(He also said that while governments can issue permits, “only communities can grant permission” — a simplistic slogan that did not survive contact with the reality Trudeau faced in 2018.)

There was a straightforward economic argument for building a new pipeline. If more Canadian oil could get to “tidewater,” Canadian producers would be less dependent on the American market and would be able to charge a higher price. And by 2019 — after the government had let Northern Gateway die and Energy East had been abandoned — the Trans Mountain expansion was the only pipeline proposal left standing.

Cranes lower pipeline into a ditch with mountains in the background.

But there may also have been a question of national unity. Albertans and their government might not be big fans of the federal government right now. It’s fair to ask how much more negative the political climate might be if all efforts to build a pipeline out of the province had been thwarted.

The federal government might not recoup all of its investment when it eventually sells the newly expanded pipeline, but it’s hard to put a price on holding a country together.

Politically, the purchase of the pipeline obviously didn’t lead to great Liberal gains in Alberta. It also didn’t save Rachel Notley’s NDP government. And it may have hurt the Liberal Party with progressive voters in other provinces. But the purchase didn’t lead to the sort of electoral wipeout in B.C. that Liberals might have feared at the time.

The pipeline’s nearly done. Now what?

As Freeland noted in her budget speech, the Bank of Canada now expects that the start of operations for the expansion will have a measurable impact on Canada’s national GDP. The Liberal government has estimated the project will generate $500 million in corporate tax revenues. (The government has pledged that all profits will be directed toward clean energy.)

At the same time, the Liberals surely will be criticized if the pipeline is sold at a loss. And they risk taking the heat for any spills or accidents that follow in the years ahead.

While his critics insisted that “climate leaders don’t build pipelines” — another simplistic slogan — Trudeau positioned the project within the larger cause of transitioning to a clean economy.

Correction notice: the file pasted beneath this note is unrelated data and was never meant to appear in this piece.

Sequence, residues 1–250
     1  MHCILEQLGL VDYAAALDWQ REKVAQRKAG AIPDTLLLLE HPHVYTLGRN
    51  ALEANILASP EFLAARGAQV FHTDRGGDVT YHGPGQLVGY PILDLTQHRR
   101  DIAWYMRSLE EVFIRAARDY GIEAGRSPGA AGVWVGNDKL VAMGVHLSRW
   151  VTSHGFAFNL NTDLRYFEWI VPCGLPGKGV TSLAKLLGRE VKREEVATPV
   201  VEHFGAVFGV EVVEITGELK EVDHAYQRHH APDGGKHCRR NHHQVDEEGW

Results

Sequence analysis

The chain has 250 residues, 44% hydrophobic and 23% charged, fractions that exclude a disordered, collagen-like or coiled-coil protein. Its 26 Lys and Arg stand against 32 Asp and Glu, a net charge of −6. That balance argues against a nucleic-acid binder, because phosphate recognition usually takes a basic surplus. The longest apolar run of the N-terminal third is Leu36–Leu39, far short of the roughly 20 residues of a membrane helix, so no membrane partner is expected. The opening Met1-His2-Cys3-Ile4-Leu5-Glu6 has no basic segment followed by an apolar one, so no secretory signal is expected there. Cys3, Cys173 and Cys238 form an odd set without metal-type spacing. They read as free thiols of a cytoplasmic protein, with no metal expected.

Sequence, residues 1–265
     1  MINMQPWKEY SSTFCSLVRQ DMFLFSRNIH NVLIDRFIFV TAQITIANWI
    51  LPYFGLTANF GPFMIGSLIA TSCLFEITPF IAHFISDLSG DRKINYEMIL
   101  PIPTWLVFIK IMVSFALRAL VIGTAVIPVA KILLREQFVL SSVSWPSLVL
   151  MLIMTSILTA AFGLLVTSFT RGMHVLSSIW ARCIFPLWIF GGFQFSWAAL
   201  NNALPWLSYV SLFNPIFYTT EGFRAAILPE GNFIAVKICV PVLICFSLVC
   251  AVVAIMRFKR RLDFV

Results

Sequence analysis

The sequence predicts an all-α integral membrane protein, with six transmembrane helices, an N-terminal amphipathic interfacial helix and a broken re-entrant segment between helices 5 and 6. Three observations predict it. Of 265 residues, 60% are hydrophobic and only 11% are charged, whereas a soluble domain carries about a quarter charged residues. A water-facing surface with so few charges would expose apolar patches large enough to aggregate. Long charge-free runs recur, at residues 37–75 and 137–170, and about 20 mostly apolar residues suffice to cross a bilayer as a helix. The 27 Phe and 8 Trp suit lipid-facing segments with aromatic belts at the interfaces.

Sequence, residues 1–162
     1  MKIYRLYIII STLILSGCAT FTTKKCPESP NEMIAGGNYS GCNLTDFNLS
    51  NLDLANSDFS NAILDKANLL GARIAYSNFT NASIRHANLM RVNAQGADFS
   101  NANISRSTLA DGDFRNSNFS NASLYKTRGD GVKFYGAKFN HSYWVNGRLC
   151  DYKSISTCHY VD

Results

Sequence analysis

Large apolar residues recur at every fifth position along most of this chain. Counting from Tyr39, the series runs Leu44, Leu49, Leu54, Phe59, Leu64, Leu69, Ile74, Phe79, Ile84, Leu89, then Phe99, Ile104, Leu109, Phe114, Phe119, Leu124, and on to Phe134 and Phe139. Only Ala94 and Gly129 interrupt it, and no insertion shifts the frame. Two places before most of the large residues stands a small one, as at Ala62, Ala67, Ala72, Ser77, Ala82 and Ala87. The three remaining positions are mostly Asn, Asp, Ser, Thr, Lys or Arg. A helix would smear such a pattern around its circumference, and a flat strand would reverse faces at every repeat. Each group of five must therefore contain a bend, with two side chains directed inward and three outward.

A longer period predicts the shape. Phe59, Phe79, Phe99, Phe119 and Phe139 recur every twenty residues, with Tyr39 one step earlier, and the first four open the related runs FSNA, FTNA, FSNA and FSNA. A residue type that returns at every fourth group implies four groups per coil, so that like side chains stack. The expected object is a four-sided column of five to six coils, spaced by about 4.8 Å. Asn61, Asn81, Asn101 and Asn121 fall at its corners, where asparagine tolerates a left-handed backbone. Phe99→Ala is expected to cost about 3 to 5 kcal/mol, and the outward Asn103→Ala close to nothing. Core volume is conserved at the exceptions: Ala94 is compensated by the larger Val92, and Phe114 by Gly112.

“To those who want sustainable energy and a cleaner environment, know that I want that too. But in order to bridge the gap between where we are and where we’re going, we need money to pay for it,” he said in 2019. “It is in Canada’s national interest to protect our environment and invest in tomorrow while making sure that people can feed their families today.”

A prominent Alberta-based environmentalist said oil executives told him building the pipeline would better position them financially to make emissions-reducing investments.

In 2021 — the most recent year for which official data is available — Canada’s oil and gas sector accounted for 189 megatonnes of greenhouse gas emissions, 28 per cent of the national total. The sector’s emissions are expected to have risen in 2022. And if, a decade from now, the sector’s emissions continue to rise and Canada has missed its emissions targets, Trans Mountain might be framed, fairly or not, as part of a larger failure.

But since buying Trans Mountain, the Trudeau government has proposed new rules to reduce methane emissions for the industry and a cap on total emissions from the sector. The Liberals have also pledged billions of dollars toward subsidizing the development and use of carbon capture technology.

If nothing else, the flow of oil through the newly expanded pipeline might only strengthen the case for getting on with the work of reducing the oil industry’s emissions.

ABOUT THE AUTHOR

Aaron Wherry has covered Parliament Hill since 2007 and has written for Maclean’s, the National Post and the Globe and Mail. He is the author of Promise & Peril, a book about Justin Trudeau’s years in power.

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Credit belongs to : www.cbc.ca